Shin Lee Lindstrom is happy in Brazil. Known in the world of pop and dirt as Murda Beatz, Anitta’s Canadian fiancé came with the singer to the country, where he fell in love with the food, the scenery of Rio de Janeiro, the atmosphere of the football stadiums, and the funk.
“It’s a beautiful country,” he says. “Seeing Christ the Redeemer was great. Food is great, especially if you can get a chef to cook local food. Rice and beans with meat, stroganoff, all very good.”
American Murda Beatz used to go to his handball matches and was at Allianz Parque, in São Paulo, to watch foot sports live. I watched the first football match in my life [do Palmeiras]and the atmosphere in a match like this is absolutely crazy, crazy energy.”
Despite maintaining a solo career as a producer, Murda is best known for the rhythms and melodies he creates for other singers’ songs – among them are some of the most listened to on the planet. This is the case of Travis Scott’s “Butterfly Effect” single, “Nice For What” and Drake’s sample hit Lauryn Hill that reached the top of the US chart, “Motorsport”, by Trap Trio Migos with Cardi B and Nicki Minaj, and “Motive Ariana Grande featuring Doja Cat.
Recently, his fiancée, Anitta, reunited with Quavo—of Migos—J Balvin and Pharrell on “No Más,” a mobile, sunny trap for summer packers in the Northern Hemisphere. “Farrell gave me the musical idea, with the flute,” he says. “It was a sample of something. I started with Quavo, but was working with J Balvin in L.A. He loved it and got in too. Then I added my daughter, Anitta.”
Despite the fact that he is known in Brazil as the boyfriend of one of the biggest pop stars in the country, Murda Beatz has a solid career in American hip-hop. Now 28, the producer worked with Chief Keef on the then-influential pit scene in Chicago about ten years ago, before meeting Migos and producing songs for one of the hottest bands in popularizing the trap over the past few years. Contract.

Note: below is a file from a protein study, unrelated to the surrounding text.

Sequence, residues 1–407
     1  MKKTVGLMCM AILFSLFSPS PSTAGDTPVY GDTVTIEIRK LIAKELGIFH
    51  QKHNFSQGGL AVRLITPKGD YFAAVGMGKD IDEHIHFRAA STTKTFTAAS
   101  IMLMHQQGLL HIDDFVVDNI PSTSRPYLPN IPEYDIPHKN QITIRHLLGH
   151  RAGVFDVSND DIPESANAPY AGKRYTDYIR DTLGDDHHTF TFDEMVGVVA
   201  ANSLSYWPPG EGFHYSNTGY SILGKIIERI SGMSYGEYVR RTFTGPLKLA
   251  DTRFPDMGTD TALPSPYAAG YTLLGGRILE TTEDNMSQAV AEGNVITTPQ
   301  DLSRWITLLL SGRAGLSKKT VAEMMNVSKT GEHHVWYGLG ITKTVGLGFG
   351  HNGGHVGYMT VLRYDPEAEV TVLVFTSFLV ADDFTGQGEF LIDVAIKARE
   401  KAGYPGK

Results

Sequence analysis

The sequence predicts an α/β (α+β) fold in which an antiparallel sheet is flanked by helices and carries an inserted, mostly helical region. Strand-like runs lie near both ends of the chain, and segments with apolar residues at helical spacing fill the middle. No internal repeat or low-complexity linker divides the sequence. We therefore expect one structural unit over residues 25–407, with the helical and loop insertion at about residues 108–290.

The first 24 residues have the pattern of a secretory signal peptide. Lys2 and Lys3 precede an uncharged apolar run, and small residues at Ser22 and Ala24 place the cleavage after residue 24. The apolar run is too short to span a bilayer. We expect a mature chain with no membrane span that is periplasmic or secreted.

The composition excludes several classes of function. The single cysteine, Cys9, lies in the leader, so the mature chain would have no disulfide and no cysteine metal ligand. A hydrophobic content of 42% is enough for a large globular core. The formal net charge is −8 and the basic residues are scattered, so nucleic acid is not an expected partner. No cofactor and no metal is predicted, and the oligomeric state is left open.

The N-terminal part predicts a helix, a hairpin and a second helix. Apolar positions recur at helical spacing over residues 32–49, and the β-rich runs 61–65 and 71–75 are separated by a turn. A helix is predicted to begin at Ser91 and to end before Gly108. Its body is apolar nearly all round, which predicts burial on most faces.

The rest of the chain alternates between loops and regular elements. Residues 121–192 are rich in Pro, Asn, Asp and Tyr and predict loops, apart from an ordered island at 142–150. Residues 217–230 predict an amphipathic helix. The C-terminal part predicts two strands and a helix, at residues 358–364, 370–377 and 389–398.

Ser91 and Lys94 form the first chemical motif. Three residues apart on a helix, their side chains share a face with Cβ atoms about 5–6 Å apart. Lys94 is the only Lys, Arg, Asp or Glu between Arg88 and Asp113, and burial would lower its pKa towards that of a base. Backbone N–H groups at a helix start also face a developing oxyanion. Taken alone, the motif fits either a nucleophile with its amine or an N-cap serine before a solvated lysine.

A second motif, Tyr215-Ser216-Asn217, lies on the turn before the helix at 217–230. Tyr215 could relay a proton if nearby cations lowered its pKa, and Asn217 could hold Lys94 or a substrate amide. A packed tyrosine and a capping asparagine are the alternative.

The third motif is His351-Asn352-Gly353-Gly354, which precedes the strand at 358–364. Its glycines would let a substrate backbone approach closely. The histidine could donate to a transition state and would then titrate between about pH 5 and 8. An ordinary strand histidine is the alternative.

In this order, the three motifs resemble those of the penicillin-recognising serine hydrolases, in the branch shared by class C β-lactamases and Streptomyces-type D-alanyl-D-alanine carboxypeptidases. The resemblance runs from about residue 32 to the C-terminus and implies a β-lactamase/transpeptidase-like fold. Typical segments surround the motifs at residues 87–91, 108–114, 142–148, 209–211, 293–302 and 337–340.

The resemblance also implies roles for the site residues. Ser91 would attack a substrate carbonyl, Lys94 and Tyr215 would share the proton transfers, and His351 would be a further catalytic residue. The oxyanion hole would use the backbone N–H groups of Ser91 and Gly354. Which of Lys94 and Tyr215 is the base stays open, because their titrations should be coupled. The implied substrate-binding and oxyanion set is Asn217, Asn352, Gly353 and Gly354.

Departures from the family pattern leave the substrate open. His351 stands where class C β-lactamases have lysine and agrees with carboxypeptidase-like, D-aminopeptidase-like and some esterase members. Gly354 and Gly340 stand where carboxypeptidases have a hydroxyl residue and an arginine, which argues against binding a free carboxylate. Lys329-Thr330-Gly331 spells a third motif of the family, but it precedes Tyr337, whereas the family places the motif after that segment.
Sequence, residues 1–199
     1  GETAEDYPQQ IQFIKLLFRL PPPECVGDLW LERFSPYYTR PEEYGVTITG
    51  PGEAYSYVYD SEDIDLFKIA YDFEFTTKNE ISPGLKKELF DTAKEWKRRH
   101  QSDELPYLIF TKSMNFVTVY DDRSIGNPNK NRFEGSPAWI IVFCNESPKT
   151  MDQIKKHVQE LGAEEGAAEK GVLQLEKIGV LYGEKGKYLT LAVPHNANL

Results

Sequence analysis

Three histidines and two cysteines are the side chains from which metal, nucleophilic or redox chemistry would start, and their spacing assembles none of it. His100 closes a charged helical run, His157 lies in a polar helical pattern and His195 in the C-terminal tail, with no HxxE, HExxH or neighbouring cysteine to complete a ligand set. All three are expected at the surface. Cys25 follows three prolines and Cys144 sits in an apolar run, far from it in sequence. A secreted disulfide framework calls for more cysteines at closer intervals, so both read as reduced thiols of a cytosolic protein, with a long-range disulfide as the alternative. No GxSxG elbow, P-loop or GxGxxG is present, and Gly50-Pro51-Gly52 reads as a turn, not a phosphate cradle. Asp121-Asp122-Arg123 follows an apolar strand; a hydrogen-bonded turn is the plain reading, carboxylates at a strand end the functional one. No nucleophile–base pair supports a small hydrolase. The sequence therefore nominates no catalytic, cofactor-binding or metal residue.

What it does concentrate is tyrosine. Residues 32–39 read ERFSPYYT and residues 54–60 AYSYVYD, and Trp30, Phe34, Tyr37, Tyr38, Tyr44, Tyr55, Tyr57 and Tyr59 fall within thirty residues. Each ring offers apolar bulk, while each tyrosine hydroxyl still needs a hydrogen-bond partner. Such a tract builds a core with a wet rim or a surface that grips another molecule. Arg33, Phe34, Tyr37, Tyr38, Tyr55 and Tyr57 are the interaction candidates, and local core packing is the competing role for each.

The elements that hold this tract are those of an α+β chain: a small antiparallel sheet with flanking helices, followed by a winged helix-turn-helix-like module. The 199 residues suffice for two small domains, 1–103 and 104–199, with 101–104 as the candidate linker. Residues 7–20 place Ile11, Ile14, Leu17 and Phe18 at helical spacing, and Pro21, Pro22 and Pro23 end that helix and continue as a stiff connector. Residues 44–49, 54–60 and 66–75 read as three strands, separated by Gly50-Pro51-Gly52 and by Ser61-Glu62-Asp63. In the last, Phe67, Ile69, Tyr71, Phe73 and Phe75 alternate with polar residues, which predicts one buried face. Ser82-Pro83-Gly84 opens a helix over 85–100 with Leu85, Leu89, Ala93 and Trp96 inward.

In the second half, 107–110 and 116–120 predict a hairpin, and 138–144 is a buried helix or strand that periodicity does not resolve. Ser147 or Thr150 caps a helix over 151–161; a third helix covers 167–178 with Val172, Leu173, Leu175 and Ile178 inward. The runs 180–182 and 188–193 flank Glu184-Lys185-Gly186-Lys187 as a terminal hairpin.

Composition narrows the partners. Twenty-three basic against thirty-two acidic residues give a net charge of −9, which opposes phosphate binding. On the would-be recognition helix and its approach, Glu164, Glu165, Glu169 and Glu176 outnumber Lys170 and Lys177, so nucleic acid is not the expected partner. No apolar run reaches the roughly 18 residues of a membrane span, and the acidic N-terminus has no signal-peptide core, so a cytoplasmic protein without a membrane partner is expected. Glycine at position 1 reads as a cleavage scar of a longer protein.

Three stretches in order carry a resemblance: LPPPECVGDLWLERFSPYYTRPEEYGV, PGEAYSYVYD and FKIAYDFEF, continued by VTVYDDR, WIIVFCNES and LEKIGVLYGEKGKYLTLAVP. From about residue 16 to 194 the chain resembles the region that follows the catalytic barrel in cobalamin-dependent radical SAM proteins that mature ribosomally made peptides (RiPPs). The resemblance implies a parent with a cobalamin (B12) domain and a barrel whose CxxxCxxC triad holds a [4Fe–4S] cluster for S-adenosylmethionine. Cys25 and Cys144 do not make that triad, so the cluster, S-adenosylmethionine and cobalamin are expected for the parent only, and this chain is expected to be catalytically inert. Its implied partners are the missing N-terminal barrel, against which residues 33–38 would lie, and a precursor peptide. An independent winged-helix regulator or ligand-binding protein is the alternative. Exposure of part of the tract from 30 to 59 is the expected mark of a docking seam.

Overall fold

“I can come here and talk in a way that seems easy,” he says. “But you have to dedicate yourself and work harder than anyone else to make it work. In my day, everyone posted their beats online, but no one went to Chicago or Atlanta to meet people.”
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Murda Beatz says that he was a rock musician and that it was precisely at the beginning of the trap that he became interested in musical production. “When I heard Waka Fluca, Gucci Mane, Chief Kev, and those guys, I started wanting to make a snare. Before I played drums, rock, or synthesizer style [baterista do Blink 182] Travis Parker Rap Songs. But I was listening to the trap I wanted to grab my laptop and start producing.”
He even sees parallels between the beginnings of trap, before the subgenre became dominant in pop music, and Brazilian funk. “If I’m going to explain funk to someone who doesn’t know what it’s about, I think the best way to describe it is to compare it to a snare when it was underground in the US, about seven years ago. It’s literally Brazilian ghetto music. That there is a wonderful rhythm in everything.”
For Morda Bitez, who makes 500 to 800 beats a year, a minority of which reach the audience’s ears, experiments in Brazil are expanding his reach. He says he wants to compose music with rapper L7nnon, from Rio, as well as work with the São Paulo-based group Recayd Mob, and is preparing for other collaborations with Brazilian artists.
It’s an interest largely due to Anitta, who was introduced to his music on the “Fifa” game. “Then I met her last year in Miami. We exchanged phones, and kept talking. She sent me funny playlists, and that was the first time I heard them. Some of those songs I really liked, I texted the producers and everything. Anitta and I kept talking” .
For him, Americans see Anita as an artist on the rise. “She’s having a terrible year, she’s been a huge success, and she’s doing a lot of work. She’s the most hardworking person I know, I’ve been close to or have worked all these years in music. He inspires me and makes me want to work.”
The singer’s friend also says that in the United States, she is still not recognized in the rest of the world. “She’s very talented. I don’t think Americans know how important she is to the world. And whether I’m in Portugal or Brazil with her, and I see how people treat and look at her, I think the United States still doesn’t understand.” its strength and importance.
“Prone to fits of apathy. Problem solver. Twitter buff. Wannabe music advocate.”